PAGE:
Halls without walls: perpetuation, development & dissemination of the discourse on blues music and blues culture in the digital age (1996-2016)

Attah, T 2016, Halls without walls: perpetuation, development & dissemination of the discourse on blues music and blues culture in the digital age (1996-2016) , PhD thesis, University of Salford.

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Abstract

This study presents an overview of the effects of technological mediation and specifically, digital remediation, on the discourse on blues music and blues culture since the introduction of the world-wide web in 1989, and the proliferation of computer-mediated communications (CMC) from 1996.

In other words, blues music and blues culture undergo transformations of form and circulation when oral practices are first committed to text as sheet music. Further evolutions occur as performances are remediated as phonograph records and through various broadcast media during the 20th century. Each successive transformation generates discourses of authenticity, ownership and value which enable and constrain definitions of the blues aesthetic.

These discourses have remained largely unexamined as part of the latest cycle of remediation to digital formats and computer-mediated virtual environments since 1996. This study presents the results of examination on key sites using online ethnography, critical discourse analysis, interview and online survey in order to better understand and illustrate the development, dissemination and perpetuation of blues music and blues culture in the digital age.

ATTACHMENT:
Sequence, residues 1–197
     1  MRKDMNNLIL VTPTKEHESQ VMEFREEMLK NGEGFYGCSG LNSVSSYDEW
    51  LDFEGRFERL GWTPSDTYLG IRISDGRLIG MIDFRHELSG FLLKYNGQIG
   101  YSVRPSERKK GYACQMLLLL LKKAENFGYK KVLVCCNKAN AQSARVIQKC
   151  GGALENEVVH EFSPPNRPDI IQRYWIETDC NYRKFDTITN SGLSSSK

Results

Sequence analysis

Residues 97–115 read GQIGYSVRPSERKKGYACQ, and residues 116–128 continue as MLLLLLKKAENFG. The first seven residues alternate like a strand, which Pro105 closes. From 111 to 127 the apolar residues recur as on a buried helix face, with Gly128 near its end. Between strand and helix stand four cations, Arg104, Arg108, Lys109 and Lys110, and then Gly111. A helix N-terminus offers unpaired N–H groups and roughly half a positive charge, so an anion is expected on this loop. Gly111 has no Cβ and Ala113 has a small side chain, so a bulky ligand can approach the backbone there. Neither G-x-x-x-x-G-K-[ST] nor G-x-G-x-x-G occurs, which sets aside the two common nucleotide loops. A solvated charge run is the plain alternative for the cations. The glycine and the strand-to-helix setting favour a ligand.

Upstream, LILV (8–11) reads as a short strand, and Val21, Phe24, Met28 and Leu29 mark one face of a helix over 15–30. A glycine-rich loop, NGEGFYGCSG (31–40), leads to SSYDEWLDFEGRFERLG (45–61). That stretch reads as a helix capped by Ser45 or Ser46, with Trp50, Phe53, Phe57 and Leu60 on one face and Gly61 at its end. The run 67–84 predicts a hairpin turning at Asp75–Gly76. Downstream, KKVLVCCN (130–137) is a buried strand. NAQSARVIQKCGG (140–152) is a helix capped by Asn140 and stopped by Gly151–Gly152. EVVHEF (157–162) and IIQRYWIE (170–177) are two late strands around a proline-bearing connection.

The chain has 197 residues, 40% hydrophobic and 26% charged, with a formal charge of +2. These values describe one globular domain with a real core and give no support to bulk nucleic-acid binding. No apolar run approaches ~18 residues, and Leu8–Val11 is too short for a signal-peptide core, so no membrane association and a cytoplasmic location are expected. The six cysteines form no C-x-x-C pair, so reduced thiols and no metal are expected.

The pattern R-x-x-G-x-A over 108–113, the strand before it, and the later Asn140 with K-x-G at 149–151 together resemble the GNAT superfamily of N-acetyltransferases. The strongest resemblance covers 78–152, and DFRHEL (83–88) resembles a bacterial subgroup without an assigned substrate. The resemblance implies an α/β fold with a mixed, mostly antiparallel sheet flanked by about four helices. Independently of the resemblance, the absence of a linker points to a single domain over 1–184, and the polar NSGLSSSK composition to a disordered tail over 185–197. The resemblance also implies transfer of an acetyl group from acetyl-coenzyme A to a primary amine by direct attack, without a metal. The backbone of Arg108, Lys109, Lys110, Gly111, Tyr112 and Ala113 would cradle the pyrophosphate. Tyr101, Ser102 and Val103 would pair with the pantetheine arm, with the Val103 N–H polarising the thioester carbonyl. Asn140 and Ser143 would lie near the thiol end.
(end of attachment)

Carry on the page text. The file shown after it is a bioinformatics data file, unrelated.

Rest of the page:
Specifically, this study considers the ways that blues music and blues culture are perpetuated and affected by computer-mediated communications from the perspectives of performers, cultural workers and consumers, asking what challenges are made manifest in the present by digitally mediated representations of the past.

The study finds that unequal power structures and differentiated notions of individual agency predicated on race, which are inherent in the socio-political construction of the physical world, are reproduced in contemporary on-line and virtual spaces facilitated by information communications technology (ICT) and computer-mediated communications (CMC). These spaces include the multi-media social networking site Facebook, text-based forums and newsgroups, and the music and video service YouTube. The study offers suggestions for how this might be addressed in future, and proposes further areas of research in the field, specifically focussing on the interaction of blues music and blues culture with ICT and CMC.

Item Type: Thesis (PhD)
Additional Information: This thesis is dedicated to the memory of Professor David Sanjek and Professor Sheila Whiteley.
Schools: Schools > School of Arts & Media
Related URLs:
Depositing User: T Attah
Date Deposited: 15 Jan 2018 09:02
Last Modified: 17 Jan 2018 09:27
URI: http://usir.salford.ac.uk/id/eprint/41648

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